Allergen Update: Natasha’s Law to be introduced in 2021

Published: 2 Jul 2019

The untimely passing of Natasha Ednan-Laperouse in 2016 has been heavily covered in the press with management of allergens being placed at the forefront of food safety within the food and hospitality sector.

Nastaha (15) died after eating a baguette purchased from a coffee outlet which caused her to suffer anaphylaxis in 2016. The inquest into Natasha’s death heard how Natasha bought the baguette unwittingly knowing it had sesame seeds within the bread which Natasha was allergic to.

Following the tragic death of Natasha Ednan-Laperouse in 2016, a new law is set to be introduced in England and Northern Ireland by the summer of 2021.

Under "Natasha's law", food businesses will have to include full ingredients labelling on pre-packaged food.

Businesses will be given a two-year implementation period to adapt to the changes.

Natasha's parents said "helping save other allergy sufferers and their families from the enduring agony that we will always bear is a fitting legacy for her life".

Environment Secretary Michael Gove said the couple were an "inspiration".

"These changes will make food labels clear and consistent and give the country's two million food allergy sufferers confidence in making safe food choices," he said.

CSC will continue to monitor and provide updates on Natasha’s Law.

CSC allergen advice:

Allergen protocols are fully embedded in our food safety law and it is extremely important that allergens are managed well within all food businesses at every stage in the process. All allergen reactions and fatalities can be avoided with good practices at site and it is fundamental that these are adopted to avoid innocent people suffering.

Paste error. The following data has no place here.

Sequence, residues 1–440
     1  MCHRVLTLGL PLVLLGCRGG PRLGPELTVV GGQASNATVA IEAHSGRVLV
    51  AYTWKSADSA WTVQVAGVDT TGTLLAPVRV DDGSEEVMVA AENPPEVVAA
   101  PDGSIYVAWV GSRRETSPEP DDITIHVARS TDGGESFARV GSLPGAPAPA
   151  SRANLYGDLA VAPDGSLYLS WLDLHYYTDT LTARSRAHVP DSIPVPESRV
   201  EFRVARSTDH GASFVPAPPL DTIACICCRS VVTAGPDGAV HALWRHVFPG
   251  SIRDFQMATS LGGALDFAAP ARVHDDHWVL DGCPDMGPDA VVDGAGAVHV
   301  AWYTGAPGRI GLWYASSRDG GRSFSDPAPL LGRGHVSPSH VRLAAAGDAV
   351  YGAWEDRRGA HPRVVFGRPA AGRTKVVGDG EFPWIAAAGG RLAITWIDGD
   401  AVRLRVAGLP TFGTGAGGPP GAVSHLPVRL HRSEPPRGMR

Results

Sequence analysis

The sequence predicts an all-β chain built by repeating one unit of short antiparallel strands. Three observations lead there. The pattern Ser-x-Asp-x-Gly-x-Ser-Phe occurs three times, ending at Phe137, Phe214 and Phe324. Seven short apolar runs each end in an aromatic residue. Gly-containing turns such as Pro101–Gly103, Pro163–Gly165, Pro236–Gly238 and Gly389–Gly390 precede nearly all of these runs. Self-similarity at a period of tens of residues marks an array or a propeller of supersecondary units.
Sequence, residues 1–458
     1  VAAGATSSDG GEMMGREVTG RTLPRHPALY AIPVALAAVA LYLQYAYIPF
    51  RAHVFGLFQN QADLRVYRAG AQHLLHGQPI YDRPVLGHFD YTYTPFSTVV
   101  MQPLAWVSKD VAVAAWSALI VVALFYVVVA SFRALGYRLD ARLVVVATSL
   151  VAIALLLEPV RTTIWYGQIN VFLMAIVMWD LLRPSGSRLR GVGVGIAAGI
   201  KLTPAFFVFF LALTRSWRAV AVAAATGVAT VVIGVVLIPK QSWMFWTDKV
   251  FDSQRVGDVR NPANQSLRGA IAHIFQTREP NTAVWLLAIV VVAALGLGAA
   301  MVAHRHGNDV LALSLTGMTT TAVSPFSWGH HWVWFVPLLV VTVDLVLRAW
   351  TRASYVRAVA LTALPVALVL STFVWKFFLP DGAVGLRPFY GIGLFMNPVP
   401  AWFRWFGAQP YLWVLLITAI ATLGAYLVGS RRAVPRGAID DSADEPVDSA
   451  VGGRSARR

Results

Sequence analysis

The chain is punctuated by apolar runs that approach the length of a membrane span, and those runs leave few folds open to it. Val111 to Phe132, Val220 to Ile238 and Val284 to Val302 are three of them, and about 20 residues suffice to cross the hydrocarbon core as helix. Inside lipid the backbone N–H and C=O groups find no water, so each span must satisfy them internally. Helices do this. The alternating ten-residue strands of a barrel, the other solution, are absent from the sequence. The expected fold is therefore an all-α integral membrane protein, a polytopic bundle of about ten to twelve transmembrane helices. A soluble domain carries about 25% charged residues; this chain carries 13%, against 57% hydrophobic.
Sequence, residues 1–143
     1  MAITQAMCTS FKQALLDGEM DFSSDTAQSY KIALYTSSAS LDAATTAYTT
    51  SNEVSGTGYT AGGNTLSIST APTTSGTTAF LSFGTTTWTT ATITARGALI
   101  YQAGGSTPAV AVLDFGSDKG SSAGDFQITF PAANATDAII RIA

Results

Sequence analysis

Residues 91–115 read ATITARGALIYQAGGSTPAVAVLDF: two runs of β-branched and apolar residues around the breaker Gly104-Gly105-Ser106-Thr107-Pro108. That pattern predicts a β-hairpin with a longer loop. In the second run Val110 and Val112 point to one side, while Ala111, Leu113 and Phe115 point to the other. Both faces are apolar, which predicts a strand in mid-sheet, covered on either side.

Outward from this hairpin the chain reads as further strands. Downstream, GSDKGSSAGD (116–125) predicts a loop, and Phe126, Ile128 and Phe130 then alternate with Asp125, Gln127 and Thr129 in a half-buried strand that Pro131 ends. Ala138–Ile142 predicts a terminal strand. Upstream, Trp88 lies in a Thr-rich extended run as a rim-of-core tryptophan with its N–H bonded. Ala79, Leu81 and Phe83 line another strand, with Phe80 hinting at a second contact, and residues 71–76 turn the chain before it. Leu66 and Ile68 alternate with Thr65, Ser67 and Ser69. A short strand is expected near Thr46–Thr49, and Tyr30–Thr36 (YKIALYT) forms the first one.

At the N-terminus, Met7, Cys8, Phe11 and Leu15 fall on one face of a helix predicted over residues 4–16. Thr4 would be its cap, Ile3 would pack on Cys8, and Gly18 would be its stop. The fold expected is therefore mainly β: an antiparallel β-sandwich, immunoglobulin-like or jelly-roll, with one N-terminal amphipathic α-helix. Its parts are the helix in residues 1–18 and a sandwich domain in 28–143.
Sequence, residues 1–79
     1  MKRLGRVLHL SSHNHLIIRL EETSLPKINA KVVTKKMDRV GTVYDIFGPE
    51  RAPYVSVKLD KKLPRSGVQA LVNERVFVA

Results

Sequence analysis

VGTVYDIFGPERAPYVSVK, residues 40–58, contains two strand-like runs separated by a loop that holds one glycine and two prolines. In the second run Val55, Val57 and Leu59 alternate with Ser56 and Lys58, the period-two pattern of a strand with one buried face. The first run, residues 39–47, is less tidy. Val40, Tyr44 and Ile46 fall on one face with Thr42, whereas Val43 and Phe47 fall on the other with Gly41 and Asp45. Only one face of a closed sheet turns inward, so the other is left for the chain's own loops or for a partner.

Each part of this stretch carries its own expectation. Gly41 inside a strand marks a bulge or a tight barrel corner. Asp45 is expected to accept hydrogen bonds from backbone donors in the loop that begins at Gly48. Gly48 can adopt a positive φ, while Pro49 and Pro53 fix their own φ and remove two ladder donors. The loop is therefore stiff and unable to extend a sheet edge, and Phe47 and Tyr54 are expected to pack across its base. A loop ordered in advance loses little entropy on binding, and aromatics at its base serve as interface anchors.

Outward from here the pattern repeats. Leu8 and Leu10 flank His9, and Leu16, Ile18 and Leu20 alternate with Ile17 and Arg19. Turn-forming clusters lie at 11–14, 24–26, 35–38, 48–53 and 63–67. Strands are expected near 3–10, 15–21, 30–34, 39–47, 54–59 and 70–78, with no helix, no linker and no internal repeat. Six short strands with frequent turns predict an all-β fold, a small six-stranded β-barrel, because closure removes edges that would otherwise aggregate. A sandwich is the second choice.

People deserve food they can trust and a well managed, trusted and caring operation is not only good for the consumer but also for the business.

Below are important allergen procedures which should be adopted:

  • Awareness - All staff should be aware of the importance of allergen awareness. Members of the kitchen team and front of house must be trained and knowledgeable of the allergen content of food and trained in allergens. This must include agency or contracted workers.
  • Clear, well presented, up to date allergen information of foods sold/served in the food establishment must be readily available for members of the public and staff made aware of these. Menus and/or display boards can be used for this purpose.
  • Any changes to the menu or any changes of ingredients are updated in the allergen information and all staff made aware.
  • Segregation – Ensure that all allergen products are kept in sealed plastic containers to avoid any cross contamination of products and ensure all allergens ingredients are kept separate.
  • Whilst much focus is placed on the 14 allergens that must be declared by law, it is important to remember that there are many other ingredients that your guests could have an intolerance to, eg. Chilli. It is therefore critical that the same due diligence is applied in this instance.

Even the most well thought out policies can be flawed if clear lines of communication in relation to allergen management are not followed. It is imperative that the front of house team communicate effectively with the kitchen team to ensure that food orders are processed correctly to avoid any confusion. Having a standard operating procedure in this instance can prevent unfortunate scenarios.

For further advice, training or assistance, do not hesitate to contact CSC.

Click here to access our Elearning course on Allergen awareness